Fellow Travelers on the Journey
The moment when a young adult realized what her home church really represented                                  [Main Story]

Every summer I take some vacation time and visit my parents in Berrien Springs, Michigan. One of the things I look forward to the most is visiting my home church—the Berrien Springs Spanish church. I love this church. I learned to love the Lord within these four walls, and always feel welcome no matter how long it has been.
On this particular Sabbath the church was packed. We had just ended Sabbath school, and I was sitting with my mother in my usual spot toward the front. As my father, the pastor, and several men walked toward the platform, I remember thinking that they were looking very serious and distinguished in their dark suits.
The last song before the sermon was announced, and as a congregation we were asked to sing the hymn “It Is Well.” This has always been one of my favorite hymns in English, but I had never heard it sung in Spanish until that morning.
The Spanish church is built in a semicircle around the pulpit, with two large stained-glass windows facing toward the sanctuary. This makes for phenomenal acoustics. Voices seem to amplify and multiply in this church, and as we began to sing, I remember feeling enveloped by the music.
For me, tears easily accompany emotion. They are always there, hovering just below the surface, and as the words of the chorus—“Alcancé, alcancé, salvación!” (I have reached, I have reached, salvation!)—I started to feel a familiar tightness in my chest.
Every word seemed to speak to the struggles and longings I had experienced that week.
Ya venga la prueba . . .
Cristo comprende mis luchas, miafán
Y su sangre vertió en mi favor.

(Though trials should come . . .
Christ has regarded my helpless estate
And has shed His own blood for my soul.)
As the last few notes lingered in the air and the piano fell silent, the sound of our combined voices singing in beautiful harmony overwhelmed me. Before the last note faded, the person in charge of prayer began to speak. I quickly bowed my head and tried to compose myself. I could feel the tears rolling down my face and struggled to catch my breath.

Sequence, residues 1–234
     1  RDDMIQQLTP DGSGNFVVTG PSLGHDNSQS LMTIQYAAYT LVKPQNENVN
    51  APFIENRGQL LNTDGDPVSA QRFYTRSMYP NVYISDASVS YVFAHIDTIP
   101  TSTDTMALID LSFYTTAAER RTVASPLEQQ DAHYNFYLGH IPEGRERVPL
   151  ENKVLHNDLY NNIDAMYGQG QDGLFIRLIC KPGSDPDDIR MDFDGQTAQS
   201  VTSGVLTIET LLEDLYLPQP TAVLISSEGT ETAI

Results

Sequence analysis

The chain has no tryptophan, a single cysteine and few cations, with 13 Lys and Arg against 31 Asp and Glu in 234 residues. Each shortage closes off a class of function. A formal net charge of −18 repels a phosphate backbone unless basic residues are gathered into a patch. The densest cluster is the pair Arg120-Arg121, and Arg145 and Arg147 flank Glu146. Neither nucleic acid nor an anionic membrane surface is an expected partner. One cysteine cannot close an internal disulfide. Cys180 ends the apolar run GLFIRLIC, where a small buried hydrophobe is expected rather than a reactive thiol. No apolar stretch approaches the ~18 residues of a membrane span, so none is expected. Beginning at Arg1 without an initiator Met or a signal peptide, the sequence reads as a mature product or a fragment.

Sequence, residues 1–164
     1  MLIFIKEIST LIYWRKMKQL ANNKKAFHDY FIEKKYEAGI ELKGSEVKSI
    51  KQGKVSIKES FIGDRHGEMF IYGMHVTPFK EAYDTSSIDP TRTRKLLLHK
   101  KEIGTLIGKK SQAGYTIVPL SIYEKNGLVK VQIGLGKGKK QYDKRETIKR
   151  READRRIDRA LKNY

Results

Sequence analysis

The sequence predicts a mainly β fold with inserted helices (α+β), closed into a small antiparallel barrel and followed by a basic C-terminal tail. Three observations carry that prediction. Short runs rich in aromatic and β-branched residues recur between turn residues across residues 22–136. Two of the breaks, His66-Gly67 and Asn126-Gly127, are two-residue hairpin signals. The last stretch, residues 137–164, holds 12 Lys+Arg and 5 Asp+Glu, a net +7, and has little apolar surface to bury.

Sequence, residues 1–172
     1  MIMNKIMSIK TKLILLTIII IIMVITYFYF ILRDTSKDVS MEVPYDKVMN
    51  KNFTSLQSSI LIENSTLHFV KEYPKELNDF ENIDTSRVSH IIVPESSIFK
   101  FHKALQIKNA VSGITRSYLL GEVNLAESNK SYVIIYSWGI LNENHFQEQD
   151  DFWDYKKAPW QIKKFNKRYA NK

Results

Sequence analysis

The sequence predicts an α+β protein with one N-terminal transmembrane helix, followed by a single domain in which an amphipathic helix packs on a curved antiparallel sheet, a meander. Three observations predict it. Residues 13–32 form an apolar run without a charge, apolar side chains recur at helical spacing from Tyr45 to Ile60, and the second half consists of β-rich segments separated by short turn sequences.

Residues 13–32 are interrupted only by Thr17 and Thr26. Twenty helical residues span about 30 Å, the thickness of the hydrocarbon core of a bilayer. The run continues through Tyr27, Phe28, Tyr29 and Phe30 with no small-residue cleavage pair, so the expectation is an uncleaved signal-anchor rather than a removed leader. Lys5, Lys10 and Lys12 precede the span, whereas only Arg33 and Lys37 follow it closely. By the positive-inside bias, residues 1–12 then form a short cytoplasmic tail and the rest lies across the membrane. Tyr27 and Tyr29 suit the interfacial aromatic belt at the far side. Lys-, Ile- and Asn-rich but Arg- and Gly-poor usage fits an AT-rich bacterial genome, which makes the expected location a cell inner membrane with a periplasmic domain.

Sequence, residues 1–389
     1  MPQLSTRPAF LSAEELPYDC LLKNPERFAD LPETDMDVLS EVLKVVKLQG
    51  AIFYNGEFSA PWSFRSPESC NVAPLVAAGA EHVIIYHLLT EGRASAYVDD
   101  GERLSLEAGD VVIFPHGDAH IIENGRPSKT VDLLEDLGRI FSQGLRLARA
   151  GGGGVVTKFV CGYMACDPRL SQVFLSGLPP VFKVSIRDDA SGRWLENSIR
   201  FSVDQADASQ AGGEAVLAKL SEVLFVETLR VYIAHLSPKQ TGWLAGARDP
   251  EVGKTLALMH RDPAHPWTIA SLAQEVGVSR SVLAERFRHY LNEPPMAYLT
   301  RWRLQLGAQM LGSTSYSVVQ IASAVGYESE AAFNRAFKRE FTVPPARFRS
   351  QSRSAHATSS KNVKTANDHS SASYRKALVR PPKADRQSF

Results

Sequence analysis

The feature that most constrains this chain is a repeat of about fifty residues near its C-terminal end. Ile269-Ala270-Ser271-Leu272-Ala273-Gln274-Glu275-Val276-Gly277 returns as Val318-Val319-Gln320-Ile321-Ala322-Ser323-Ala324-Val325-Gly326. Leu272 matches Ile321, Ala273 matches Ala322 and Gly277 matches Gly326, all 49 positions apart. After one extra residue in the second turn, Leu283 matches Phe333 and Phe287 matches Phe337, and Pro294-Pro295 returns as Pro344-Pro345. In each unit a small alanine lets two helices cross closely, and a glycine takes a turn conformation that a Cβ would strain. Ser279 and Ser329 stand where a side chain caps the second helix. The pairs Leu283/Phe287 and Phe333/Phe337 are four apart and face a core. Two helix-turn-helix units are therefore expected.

After I regained my composure, I looked up and saw something that has become permanently etched in my memory.
All four men up front had their heads bowed, jaws clenched, lips pressed tight with emotion. I saw a hand reach up to wipe a tear away and immediately understood that I was not the only one who had been touched by the prayer that morning.
It was in that moment I realized something essential to my Christian walk. We all crave the same thing: to reach salvation and the Savior. This one solitary desire has the ability to strip away all our differences. In that brief moment we were all united: old, young, rich, poor, educated and uneducated, married and unmarried, black, white, and every shade in between.
As the prayer ended I realized I could never look at the people around me the same again. I had seen their vulnerability and shared it, and now I knew them for what they really were. Just like me, they were fellow travelers on a difficult journey, praying for the strength to take one more step toward the goal.
Laura Gonzalez Jordan writes from Durham, North Carolina, where she attends the University of North Carolina-Chapel Hill. This article was published November 17, 2011.

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